IT IS DIFFICULT to get a grasp on the full impact of the legislative proposals concerning personal privacy that President Carter sent to Congress last week. The president asked for four new pieces of legislation and several amendments to existing laws. Taken together, these proposals are an attempt to take an enormous stride forward in protecting the privacy of every citizen. But because privacy is illusive-one man's privacy is another man's cover-up-figuring out whether these proposals go far enough, or too far, is an arduous job.
The president has asked Congress to limit the collection and use of personal information provided to researchers, curtail the use of lie detectors and eavesdropping equipment and restrict the ability of the police to seize the rpivate papers of some citizens. In each of these areas, moderns technoloy-the creation of computers in particular-has made it relatively easy to find out things about people's private lives that most would just as soon not have be known. That's bad-and almost everyone recognizes, as a general principle, that it is.
But most of the time, the people who are making the discoveries think their inquiries are legitimate. The banker wants to know how you paid those old debts, the employer wants to know if you are lying on your job application, the insurance company wants to know the results of those medical tests, and so on. Each inquiry, on its face, is legitimate, but each raises the possibility, especially in the computer age, of turning up personal information that goes beyond the realm of what is actually needed.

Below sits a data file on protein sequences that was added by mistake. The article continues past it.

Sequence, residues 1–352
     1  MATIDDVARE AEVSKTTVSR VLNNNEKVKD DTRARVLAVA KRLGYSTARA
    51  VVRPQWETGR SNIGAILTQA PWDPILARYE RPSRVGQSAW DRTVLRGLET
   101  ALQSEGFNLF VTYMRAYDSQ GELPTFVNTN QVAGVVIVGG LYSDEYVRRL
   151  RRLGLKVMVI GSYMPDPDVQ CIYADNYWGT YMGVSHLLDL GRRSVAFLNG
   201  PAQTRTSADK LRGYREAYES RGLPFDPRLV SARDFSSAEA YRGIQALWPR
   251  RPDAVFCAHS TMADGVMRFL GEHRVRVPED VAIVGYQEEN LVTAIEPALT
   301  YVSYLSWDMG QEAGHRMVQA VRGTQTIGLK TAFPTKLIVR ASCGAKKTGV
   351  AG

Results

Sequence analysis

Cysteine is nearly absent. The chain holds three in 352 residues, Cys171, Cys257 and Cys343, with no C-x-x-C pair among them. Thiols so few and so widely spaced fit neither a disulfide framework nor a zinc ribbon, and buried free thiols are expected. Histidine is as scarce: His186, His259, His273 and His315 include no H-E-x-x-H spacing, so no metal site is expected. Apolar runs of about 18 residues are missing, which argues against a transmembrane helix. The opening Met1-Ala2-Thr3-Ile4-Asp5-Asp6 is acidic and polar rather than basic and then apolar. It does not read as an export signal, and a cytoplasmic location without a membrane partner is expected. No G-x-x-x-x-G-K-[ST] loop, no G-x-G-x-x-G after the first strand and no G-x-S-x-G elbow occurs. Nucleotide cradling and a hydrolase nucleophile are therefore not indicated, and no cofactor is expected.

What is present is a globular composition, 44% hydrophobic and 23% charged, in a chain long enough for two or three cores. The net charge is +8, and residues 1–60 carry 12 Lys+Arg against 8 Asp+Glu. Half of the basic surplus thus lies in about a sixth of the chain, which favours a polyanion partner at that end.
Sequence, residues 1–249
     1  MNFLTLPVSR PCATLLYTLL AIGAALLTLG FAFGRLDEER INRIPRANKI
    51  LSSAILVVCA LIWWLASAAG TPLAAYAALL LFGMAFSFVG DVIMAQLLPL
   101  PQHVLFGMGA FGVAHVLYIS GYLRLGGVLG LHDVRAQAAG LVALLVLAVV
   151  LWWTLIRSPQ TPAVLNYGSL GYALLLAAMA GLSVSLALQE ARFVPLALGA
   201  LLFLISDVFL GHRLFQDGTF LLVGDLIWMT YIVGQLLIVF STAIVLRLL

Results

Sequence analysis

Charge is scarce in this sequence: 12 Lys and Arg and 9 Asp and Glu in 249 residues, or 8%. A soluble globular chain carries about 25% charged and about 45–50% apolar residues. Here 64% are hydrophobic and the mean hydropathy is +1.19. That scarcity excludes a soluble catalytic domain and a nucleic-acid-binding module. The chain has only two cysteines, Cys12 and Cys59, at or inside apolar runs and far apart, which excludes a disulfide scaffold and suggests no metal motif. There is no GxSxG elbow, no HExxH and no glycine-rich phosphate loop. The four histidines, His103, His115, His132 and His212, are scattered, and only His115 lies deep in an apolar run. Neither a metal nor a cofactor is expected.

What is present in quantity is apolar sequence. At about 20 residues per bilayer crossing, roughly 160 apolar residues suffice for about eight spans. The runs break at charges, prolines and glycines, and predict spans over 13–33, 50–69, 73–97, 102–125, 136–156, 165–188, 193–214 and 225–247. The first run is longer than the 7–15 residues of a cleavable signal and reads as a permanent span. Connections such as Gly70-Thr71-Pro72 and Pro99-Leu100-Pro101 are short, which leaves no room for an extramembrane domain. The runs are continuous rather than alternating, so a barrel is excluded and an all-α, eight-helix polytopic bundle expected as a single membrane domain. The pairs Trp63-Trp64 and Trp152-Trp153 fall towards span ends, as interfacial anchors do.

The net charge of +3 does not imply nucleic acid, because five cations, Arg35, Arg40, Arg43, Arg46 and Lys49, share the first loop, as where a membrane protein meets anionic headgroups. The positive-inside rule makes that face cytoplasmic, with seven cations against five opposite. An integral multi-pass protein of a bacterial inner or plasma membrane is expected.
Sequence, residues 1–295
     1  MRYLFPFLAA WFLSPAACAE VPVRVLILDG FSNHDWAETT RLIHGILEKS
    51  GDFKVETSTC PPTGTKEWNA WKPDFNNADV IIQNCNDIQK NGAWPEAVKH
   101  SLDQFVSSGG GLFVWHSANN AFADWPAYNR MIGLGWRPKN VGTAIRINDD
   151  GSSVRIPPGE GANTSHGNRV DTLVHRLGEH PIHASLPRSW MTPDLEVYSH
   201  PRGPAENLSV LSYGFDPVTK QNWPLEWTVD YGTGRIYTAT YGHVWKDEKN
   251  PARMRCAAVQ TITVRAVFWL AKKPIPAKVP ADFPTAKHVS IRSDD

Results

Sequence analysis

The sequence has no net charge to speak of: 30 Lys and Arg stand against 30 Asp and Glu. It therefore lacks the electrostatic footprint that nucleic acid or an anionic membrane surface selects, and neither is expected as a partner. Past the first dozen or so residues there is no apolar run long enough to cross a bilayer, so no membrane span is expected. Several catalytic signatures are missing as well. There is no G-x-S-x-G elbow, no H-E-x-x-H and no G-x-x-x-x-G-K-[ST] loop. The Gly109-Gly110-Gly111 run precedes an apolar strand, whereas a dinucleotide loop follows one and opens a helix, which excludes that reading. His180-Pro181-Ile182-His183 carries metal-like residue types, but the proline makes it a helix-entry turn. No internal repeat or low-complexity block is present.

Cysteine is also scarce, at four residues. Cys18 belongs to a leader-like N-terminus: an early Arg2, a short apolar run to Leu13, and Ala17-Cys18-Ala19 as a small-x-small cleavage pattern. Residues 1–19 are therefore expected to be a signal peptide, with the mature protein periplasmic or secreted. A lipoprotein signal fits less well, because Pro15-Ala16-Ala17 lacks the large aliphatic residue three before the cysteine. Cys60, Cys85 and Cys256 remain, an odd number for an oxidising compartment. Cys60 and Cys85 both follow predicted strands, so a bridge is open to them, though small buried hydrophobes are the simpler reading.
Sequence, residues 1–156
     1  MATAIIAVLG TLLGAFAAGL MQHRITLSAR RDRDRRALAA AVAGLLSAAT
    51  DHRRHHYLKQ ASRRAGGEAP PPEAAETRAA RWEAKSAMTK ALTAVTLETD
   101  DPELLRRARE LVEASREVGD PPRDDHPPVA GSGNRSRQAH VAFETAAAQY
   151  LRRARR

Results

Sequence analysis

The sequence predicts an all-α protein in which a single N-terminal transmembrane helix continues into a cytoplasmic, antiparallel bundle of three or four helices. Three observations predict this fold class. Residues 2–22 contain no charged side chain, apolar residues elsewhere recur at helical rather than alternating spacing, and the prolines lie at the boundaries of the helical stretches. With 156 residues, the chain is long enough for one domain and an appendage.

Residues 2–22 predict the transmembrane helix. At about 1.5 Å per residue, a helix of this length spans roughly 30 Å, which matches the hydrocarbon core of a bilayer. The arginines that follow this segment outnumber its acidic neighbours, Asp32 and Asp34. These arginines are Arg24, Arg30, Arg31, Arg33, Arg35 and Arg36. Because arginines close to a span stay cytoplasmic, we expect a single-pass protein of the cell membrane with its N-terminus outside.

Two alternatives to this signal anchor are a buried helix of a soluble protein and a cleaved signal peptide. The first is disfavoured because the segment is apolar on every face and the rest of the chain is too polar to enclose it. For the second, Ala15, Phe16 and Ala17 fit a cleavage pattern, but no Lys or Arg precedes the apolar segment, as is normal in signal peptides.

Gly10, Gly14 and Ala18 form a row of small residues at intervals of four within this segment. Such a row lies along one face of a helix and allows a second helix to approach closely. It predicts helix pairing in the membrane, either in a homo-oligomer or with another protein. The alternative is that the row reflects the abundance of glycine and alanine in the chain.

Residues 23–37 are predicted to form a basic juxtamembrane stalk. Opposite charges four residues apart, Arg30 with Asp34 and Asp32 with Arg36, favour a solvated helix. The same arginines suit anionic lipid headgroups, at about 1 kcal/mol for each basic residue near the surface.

That's why the details of each legislative proposal the president has sent Congress, or promised to send -t, must be looked at with great care. It is very hard to strike the proper balance between shielding private information from inquiring eyes and making enough of it available to answer fair questions.
The president's thoughtful message, and the wide range of the proposals he has made, should force Congress to think about these problems. It needs to. And it needs to agree on legislation at this session. The information about individuals accumulating in computers all over the country is a constant threat to what some citizens, at least, regard as a basic right to keep their personal affairs from public view.